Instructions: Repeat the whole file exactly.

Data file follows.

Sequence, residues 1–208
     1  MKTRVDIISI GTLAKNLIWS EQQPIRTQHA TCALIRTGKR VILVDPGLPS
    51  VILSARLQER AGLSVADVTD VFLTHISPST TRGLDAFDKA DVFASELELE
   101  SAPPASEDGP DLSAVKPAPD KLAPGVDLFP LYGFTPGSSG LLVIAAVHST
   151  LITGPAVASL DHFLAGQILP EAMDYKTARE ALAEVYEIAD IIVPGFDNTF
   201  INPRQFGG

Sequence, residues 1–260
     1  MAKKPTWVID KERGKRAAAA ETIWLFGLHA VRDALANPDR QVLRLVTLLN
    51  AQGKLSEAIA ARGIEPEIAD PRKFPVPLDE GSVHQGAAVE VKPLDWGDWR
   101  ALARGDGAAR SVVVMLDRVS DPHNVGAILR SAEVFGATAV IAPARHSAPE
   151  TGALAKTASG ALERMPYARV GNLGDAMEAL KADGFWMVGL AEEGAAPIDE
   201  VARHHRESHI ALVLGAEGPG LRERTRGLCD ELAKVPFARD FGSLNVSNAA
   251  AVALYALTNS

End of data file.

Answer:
Sequence, residues 1–208
     1  MKTRVDIISI GTLAKNLIWS EQQPIRTQHA TCALIRTGKR VILVDPGLPS
    51  VILSARLQER AGLSVADVTD VFLTHISPST TRGLDAFDKA DVFASELELE
   101  SAPPASEDGP DLSAVKPAPD KLAPGVDLFP LYGFTPGSSG LLVIAAVHST
   151  LITGPAVASL DHFLAGQILP EAMDYKTARE ALAEVYEIAD IIVPGFDNTF
   201  INPRQFGG

Sequence, residues 1–260
     1  MAKKPTWVID KERGKRAAAA ETIWLFGLHA VRDALANPDR QVLRLVTLLN
    51  AQGKLSEAIA ARGIEPEIAD PRKFPVPLDE GSVHQGAAVE VKPLDWGDWR
   101  ALARGDGAAR SVVVMLDRVS DPHNVGAILR SAEVFGATAV IAPARHSAPE
   151  TGALAKTASG ALERMPYARV GNLGDAMEAL KADGFWMVGL AEEGAAPIDE
   201  VARHHRESHI ALVLGAEGPG LRERTRGLCD ELAKVPFARD FGSLNVSNAA
   251  AVALYALTNS